The average cash ISA rate, including fixed and variable deals, stood at 1.32 per cent in early March, according to Moneyfacts.co.uk. A year ago it was 1.13 per cent – and a year before that, in 2017, it was a paltry 0.82 per cent.
ISAs have traditionally had advantages over other types of savings accounts as money in them is ring-fenced from tax. But the personal savings allowance, introduced in 2016, means up to £1,000 of income from savings is now tax-free for basic taxpayers – so people can save their money in non-ISA accounts and still pay no tax on their interest. Higher-rate taxpayers have an allowance of up to £500.
However, money held in ISAs is ring-fenced from tax for as long as it stays there, whereas savers with money in non-ISA accounts may one day find themselves paying tax on interest. The annual ISA allowance is £20,000.
Unsure where to start or which direction to take with your ISA? Here’s how to make the most of what’s on offer.
Decide what type of
ISA you want
ISAs have evolved over the years. As well as the simple choice of cash or stocks and shares ISAs, there are Junior ISAs for children and Innovative Finance ISAs, which contain peer-to-peer loans. The rates of return can be higher than those on cash ISAs – however, there are risks. You may also want to think about keeping some ISA savings in cash, where it could be accessed in the short term, and some invested elsewhere for the longer term.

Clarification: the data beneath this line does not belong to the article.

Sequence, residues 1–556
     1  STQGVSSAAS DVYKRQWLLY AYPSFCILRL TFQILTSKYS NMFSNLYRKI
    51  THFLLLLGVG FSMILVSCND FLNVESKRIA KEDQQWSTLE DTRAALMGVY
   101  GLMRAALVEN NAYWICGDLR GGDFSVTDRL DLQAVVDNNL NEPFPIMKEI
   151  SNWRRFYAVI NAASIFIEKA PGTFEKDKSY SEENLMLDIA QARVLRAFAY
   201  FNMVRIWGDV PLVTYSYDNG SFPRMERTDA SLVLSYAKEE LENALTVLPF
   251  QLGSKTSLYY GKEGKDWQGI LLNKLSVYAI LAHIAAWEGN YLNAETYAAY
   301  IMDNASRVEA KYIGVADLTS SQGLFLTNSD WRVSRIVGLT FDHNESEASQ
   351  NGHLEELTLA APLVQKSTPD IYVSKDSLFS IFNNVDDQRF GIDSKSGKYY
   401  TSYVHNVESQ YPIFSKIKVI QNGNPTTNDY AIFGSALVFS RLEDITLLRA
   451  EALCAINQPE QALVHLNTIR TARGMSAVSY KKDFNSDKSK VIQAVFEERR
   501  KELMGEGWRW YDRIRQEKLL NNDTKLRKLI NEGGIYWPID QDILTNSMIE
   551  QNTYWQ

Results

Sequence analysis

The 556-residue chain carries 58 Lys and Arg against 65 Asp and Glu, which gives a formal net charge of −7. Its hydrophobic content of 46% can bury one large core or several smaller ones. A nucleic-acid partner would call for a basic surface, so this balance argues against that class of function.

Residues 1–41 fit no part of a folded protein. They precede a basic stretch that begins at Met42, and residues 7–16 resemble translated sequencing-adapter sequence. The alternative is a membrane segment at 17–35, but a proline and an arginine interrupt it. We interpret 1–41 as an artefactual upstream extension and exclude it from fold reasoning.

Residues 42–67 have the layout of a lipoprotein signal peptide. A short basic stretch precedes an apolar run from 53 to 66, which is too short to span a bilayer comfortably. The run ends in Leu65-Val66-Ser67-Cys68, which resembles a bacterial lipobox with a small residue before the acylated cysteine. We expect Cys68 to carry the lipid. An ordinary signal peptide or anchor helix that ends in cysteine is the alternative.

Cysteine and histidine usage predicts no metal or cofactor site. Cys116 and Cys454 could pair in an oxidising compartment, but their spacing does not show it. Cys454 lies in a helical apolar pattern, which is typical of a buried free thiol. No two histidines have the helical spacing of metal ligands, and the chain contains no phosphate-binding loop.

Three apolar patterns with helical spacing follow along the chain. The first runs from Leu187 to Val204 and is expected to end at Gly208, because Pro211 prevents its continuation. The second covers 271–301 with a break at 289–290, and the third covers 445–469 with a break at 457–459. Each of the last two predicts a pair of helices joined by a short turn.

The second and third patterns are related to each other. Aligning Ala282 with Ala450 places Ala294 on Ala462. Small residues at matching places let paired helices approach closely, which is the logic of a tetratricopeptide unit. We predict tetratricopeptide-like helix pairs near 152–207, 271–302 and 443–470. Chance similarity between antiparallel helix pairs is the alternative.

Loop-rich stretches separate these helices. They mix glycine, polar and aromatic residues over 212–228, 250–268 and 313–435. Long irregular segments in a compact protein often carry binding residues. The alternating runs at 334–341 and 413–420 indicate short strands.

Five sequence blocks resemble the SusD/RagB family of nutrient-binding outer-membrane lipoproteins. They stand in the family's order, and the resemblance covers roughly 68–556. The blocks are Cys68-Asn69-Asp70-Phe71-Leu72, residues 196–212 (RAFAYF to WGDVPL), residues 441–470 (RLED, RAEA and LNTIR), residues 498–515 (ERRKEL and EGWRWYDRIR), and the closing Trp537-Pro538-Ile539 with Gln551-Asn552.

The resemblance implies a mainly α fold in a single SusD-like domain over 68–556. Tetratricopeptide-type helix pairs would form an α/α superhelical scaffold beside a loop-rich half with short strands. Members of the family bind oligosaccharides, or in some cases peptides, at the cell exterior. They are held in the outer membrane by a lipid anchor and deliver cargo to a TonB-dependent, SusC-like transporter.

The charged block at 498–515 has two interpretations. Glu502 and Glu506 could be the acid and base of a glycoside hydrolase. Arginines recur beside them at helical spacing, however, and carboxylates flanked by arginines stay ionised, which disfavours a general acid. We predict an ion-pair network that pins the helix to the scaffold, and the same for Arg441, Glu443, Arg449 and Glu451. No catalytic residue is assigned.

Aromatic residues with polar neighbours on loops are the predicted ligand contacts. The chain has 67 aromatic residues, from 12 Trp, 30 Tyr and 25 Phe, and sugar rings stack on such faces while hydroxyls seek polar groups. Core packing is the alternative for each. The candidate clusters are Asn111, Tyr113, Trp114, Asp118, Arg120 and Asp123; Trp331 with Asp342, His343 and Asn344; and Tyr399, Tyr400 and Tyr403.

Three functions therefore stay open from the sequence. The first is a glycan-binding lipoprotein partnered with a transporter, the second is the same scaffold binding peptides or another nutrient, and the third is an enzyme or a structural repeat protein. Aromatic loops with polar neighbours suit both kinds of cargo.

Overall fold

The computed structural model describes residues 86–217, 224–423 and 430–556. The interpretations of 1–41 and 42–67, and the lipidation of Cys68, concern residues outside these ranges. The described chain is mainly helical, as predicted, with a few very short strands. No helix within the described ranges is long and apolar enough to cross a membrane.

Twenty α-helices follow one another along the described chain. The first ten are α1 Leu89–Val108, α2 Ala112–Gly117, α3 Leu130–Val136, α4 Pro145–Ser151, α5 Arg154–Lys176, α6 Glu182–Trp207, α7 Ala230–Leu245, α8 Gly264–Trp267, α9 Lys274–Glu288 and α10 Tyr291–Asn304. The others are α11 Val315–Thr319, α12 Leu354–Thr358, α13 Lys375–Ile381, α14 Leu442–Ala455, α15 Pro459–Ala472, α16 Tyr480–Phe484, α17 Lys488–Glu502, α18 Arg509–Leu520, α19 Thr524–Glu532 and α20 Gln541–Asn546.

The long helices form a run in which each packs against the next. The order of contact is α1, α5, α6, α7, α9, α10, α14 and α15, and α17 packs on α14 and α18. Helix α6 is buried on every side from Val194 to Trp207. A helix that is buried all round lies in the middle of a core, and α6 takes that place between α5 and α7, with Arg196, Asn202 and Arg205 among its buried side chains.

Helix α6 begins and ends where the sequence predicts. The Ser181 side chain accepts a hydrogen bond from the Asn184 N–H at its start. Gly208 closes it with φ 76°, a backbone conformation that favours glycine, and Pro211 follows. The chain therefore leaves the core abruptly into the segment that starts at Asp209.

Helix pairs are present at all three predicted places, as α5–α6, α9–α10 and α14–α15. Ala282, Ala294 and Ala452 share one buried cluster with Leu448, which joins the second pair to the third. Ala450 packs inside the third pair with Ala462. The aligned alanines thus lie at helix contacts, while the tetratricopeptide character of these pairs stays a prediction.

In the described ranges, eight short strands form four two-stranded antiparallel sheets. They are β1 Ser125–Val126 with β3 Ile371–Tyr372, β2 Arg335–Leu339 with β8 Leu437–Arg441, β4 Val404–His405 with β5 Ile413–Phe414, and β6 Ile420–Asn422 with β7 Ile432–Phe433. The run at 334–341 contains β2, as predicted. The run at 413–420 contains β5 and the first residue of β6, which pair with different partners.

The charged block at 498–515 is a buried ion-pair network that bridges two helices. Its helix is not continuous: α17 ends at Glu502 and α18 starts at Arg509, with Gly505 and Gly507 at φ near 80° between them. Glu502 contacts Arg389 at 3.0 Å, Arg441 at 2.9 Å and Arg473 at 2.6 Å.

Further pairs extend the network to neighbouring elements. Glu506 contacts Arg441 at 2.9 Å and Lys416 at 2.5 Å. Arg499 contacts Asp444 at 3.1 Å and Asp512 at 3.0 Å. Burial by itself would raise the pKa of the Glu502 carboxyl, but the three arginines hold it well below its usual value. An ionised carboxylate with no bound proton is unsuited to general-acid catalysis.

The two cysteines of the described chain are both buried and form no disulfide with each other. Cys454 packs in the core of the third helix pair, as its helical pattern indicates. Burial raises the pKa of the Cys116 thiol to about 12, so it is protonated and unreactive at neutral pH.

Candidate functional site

Rachel Springall at Moneyfacts says: “It’s easy to switch ISAs and most of the best deals allow transfers in from other cash ISAs, so this should be taken advantage of to get the top rates.” She suggests savers check terms and conditions before arranging a move from one ISA to another – and be careful not to cash in the account to reinvest, as the money will lose its tax-free status.
Think about the long term
Stocks and shares ISAs may produce higher returns over longer periods than keeping savings in cash. Savers would need to be prepared to endure the ups and downs of the market, which could mean losing some money. Depending on the rules around your particular product, you could potentially dip into ISA savings before you access your pension, which could top up your income if you’re considering going part-time before you retire for good.
Meanwhile, the Lifetime ISA is designed for people buying their first home or saving for retirement and comes with a government bonus. But there are restrictions around withdrawals which need consideration, as charges could apply. There is also the Help to Buy ISA for first-time buyers, which has a government bonus too.
Consider whether to put all your eggs in one basket
Emma-Lou Montgomery of Fidelity International says: “A stocks and shares ISA allows you to spread your savings across a range of investment vehicles, such as bonds, equities and funds. While this is a more risky option than a cash ISA, the true value of a stocks and shares ISA tends to manifest itself over the long term with returns superior to that offered by cash.”